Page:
Rite Aid Officer Says Brown Talked of Dumping ComputerOct 2, 2003 | AP
Noonan said the claim occurred during a conversation with Brown in a suburban Harrisburg bagel shop in March 2001‚ after Noonan had decided to cooperate with the federal investigation that led to charges against Brown‚ who is on trial for fraud and conspiracy.
Noonan testified Brown reassured him that criminal investigators would not be able to examine the computer of Janene Kope‚ the secretary who allegedly helped former chief executive Martin L. Grass create a set of bogus documents after Grass left the company that were worth millions to Noonan‚ Brown and other senior officers.
“He said they’ll never get her computer now‚ it’s in the Atlantic‚” said Noonan. He allowed the FBI to tape-record the bagel-shop conversation‚ but background noise rendered it unintelligible so he described it for the jury.
Noonan said he decided the severance-benefits letter Brown gave him was inappropriate because it appeared to have been backdated‚ and never submitted it to the company. Instead‚ he negotiated his own deal worth millions less with Grass’ successor.
Brown‚ 75‚ is accused of conspiring to falsely inflate income at the nation’s third-largest pharmacy chain in the late 1990s‚ and then misleading investigators. The company was forced to retroactively lower its net earnings in July 2000 by $1.6 billion and a new management team has struggled to return it to profitability.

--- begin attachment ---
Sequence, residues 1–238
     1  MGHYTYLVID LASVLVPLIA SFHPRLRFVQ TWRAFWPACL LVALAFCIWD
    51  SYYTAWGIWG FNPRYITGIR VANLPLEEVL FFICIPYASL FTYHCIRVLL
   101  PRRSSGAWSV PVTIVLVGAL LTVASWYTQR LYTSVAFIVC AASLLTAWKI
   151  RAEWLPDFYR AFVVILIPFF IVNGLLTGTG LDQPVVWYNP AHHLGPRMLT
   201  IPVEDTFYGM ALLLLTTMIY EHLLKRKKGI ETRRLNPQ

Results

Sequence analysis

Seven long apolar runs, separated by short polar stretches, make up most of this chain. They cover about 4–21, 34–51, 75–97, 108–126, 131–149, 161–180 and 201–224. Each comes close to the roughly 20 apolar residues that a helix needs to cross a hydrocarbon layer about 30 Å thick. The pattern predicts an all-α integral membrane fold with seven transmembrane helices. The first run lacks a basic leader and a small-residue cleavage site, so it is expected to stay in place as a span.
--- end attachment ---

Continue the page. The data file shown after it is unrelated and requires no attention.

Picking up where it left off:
Also Wednesday‚ the third day of testimony‚ prosecutors played audio and video from another meeting‚ in which Brown told Noonan he employed a system of prepaid phone cards and pay phones to coach Eric Sorkin‚ then the vice president for pharmacy purchasing‚ “for hours and hours” prior to Sorkin’s meeting with Rite Aid’s internal investigators.
Over coffee at a McDonald’s restaurant‚ Brown asked Noonan if there was anything he “might want me to volunteer or weave in” during an upcoming meeting with investigators.
On Tuesday‚ Brown’s former secretary Mary Lou Egan testified that he gave her $25‚000 for a new car one week after she helped him create backdated documents that qualified Brown and other senior executives for thousands of shares of Rite Aid stock.
In March 1998‚ she said‚ Brown dictated what were purported to be minutes of a March 5‚ 1995‚ meeting of the board of directors’ compensation committee and accompanying letters to Brown and three other former officers outlining the performance-based stock awards.
The other recipients were Grass‚ Noonan and chief financial officer Franklyn M. Bergonzi. All three former Rite Aid managers have pleaded guilty to federal criminal charges related to the alleged accounting-fraud scandal and await sentencing.
Brown faces charges of conspiracy‚ conspiracy to obstruct justice‚ obstruction of grand jury proceedings‚ obstruction of government-agency proceedings‚ witness tampering‚ and the counts of wire fraud and lying to the SEC.